“Suppose I don’t go either?”
Frau Rudolf cast him a scathing glance. “You are most certainly coming!”
When Herr Olschewski came home at seven-thirty, as he did every evening, Frau Rudolf was lying in wait for him. Olschewski was in his mid-forties, tall, fit, always clean-shaven and correctly dressed. He could have been a salesmen of gentleman’s fashions or a bank clerk. On their first meeting he had said he was doing a year’s course with Federal German Mail, which was training former Russian postal officials to be German postal officials. What he really did, only Olschewski himself knew.
Frau Rudolf now struck up a conversation with him about the various associations for emigrants and exiles. He obviously had no idea about the prize, and she made him promise to tell outsiders in future that he wasn’t paying rent. The reason-“trouble with the management”-immediately sounded convincing to Herr Olschewski. However, had he known that he personally was the occasion for a public award ceremony, he would have moved out that very night.
Frau Rudolf told her husband about the conversation, and said: “His German’s not so bad anyway.”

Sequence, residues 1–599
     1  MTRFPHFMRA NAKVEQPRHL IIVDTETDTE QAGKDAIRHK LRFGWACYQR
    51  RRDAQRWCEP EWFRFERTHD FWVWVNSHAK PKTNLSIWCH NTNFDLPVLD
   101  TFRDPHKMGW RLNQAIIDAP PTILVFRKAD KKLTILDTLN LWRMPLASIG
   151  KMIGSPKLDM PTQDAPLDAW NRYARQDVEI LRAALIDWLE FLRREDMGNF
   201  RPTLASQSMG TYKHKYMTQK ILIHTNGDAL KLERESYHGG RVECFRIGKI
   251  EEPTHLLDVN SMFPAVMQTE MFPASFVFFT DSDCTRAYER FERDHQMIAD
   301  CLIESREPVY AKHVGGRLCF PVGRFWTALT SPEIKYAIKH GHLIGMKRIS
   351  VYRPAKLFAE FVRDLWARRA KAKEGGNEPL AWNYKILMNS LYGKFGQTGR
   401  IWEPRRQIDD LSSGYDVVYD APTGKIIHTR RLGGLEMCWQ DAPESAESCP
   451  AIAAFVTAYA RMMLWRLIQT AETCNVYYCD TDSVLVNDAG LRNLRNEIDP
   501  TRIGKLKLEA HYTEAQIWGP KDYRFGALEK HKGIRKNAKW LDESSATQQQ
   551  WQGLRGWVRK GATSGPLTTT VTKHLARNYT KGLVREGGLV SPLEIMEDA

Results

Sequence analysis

“Just so long as it’s not good enough for him to read the daily papers.”
“Don’t start on about that again. If he does happen to hear about the prize I’ll fix it. Didn’t you say yourself, better for us to get it than some right-wing vermin?”
A week later the Rudolf family were in the Volga Cellar as guests of honor at the award ceremony. The place was sold out. Frau Rudolf had told the organizers that Herr Olschewski had to stay at home because he had a bad attack of flu. There was great agitation. They’d been counting on a speech of thanks from Olschewski to his benefactors. The program had to be changed, and the organizers wondered whether everything was all aboveboard. But their wish to present a successful evening soon made them forget their doubts.